Baby Spoons and the Crust

A lot of thought-provokers happened today during my 30-minute lunch break, and I can’t help but take a few minutes to reflect on them here before settling in with transcripts and info sheets and all of the other important tasks I have to do.

Are kids you know picky about sandwich crusts? Lydia is. Unless she’s starving and there’s a good deal of peanut butter smeared to the very end of the bread slice, she isn’t interested in crusts. Today she polished off her PBH and left the crusts on her plate, asking if she could eat something else. We suggested the remaining pieces of her sandwich, but she wasn’t THAT hungry. Meanwhile, Elvis sat staring at his plate with a PBJ cut in half, no bites taken and that face that says, “I really, really don’t want to eat this, but if I make any move like I don’t, I’ll get sent to time out, again, so I guess I’ll just sit here and stare at it.” So Lydia asked if she could eat Elvis’s sandwich, unaware that Brandon had used the ends of the bread to make his sandwich – only one side visible. We handed her the sandwich and she wolfed it down. All we could say to one another was, “Hilarious.” And then, of course, the fact that Lydia had half of Elvis’s sandwich was enough to send him into fits and sobs, even though (as previously stated) someone was about as anti-sandwich as vegans are anti-pork chop. We gave him back half of the sandwich and he went at it with the same enthusiasm Lyd had demonstrated over her quite crusty PBJ.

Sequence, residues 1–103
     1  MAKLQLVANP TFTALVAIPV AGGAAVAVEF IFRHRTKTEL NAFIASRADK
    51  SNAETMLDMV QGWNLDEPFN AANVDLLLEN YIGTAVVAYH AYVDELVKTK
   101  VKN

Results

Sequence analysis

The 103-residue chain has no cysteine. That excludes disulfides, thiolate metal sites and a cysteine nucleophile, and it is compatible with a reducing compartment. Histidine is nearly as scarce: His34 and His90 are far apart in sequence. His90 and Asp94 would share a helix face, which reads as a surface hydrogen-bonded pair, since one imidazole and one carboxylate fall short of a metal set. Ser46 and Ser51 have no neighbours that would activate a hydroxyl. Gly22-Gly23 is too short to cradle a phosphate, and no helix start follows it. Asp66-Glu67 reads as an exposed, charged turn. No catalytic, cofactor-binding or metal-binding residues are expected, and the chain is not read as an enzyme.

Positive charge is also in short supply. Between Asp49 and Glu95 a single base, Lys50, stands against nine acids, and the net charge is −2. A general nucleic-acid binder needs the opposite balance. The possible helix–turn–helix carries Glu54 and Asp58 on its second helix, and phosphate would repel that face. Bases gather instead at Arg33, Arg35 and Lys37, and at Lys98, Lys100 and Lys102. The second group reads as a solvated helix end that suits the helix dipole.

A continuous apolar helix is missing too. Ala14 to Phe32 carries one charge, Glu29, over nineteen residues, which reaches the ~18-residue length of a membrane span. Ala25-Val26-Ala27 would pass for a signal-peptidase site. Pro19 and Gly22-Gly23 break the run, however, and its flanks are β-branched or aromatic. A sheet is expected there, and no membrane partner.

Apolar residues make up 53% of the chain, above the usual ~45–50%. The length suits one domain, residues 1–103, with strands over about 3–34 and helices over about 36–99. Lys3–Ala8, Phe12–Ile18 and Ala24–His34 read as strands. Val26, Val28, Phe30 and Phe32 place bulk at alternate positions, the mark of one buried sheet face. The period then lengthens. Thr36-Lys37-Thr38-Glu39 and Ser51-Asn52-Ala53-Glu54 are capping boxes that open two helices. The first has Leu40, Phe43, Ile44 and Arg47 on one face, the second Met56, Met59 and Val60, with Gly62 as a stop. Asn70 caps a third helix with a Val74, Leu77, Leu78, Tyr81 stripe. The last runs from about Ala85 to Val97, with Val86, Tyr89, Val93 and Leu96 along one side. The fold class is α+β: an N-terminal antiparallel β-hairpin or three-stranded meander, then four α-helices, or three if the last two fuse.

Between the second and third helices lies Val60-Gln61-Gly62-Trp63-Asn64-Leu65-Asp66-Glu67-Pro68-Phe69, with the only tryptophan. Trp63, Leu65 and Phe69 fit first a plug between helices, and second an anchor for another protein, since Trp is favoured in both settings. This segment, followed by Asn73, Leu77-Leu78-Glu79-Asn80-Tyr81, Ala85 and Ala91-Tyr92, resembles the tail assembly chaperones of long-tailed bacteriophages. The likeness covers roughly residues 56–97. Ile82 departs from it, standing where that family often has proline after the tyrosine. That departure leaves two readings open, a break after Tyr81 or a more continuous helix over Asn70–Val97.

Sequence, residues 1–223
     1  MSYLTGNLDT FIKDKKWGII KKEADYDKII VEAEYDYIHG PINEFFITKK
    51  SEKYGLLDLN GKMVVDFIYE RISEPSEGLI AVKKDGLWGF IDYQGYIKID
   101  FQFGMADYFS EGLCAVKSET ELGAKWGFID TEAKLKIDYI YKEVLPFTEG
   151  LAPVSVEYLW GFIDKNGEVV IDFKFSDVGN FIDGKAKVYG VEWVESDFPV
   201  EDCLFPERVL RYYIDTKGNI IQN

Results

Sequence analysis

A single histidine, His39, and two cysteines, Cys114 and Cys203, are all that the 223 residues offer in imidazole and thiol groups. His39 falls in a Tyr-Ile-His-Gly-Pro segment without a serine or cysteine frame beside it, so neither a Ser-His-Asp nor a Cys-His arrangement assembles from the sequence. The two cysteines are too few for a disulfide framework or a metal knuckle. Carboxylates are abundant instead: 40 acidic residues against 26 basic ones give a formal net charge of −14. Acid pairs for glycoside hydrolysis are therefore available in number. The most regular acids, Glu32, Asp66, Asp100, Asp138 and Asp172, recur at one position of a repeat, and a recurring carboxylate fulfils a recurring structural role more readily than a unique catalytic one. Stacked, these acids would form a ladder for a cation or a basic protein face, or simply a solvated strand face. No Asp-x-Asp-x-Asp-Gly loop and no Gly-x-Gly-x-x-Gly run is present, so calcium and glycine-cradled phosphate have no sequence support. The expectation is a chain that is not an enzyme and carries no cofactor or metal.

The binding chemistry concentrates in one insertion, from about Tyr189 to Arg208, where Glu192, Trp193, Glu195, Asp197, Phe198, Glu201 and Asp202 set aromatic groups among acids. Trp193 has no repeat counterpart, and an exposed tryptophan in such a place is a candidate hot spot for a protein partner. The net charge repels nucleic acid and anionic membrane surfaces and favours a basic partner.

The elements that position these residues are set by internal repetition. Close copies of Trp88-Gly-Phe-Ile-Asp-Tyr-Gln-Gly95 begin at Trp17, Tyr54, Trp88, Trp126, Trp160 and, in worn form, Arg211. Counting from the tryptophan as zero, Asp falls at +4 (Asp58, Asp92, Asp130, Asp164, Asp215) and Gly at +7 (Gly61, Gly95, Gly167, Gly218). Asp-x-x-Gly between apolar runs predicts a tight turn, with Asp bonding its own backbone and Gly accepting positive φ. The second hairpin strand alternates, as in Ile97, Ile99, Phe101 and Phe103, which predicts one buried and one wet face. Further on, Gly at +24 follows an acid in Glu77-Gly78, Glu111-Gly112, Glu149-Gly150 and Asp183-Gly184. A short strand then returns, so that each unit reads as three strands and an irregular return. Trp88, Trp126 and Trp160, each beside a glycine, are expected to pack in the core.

We don’t really know what we want. Crusts or no crusts. Sandwich or no sandwich. A little bit of both. We’re clueless, envious, subjective creatures.

After the PBJ episode, the kids were back to behaving like normal human beings. And then they began a conversation about heaven. We talk about heaven often–their day care place talks about heaven occasionally, and we’ve told them that Great Pop and Tex and the baby that was in mommy’s belly (see previous post) are in heaven, so it comes up. Today’s conversation started with Elvis saying, “Baby in heaven,” and Lydia followed up by saying, “When the baby comes back from heaven and it grows up a little, it’ll need baby spoons.” Then they discussed between the two of them whether they wanted a baby boy or a baby girl.

I’ve often wondered whether children who do not make it to term have another go-around. It’s all speculation what goes on, anyway, and why, and how, and when. Do I have four children hanging out with Jesus in heaven, waiting to meet me? Who knows? Faith is being sure of what we hope for and certain of what we cannot see, and probably this area of life–death and loss–requires the greatest amount of faith. And I believe – not in my own fantasies and musings about happy little people clinging to the robes of Christ, but in a loving, compassionate, patient, merciful, just, mysterious, and powerful God of the universe. I stand in awe of him. And because I believe these things and hope for what I cannot see, I can trust that whatever the circumstances, he is the great redeemer.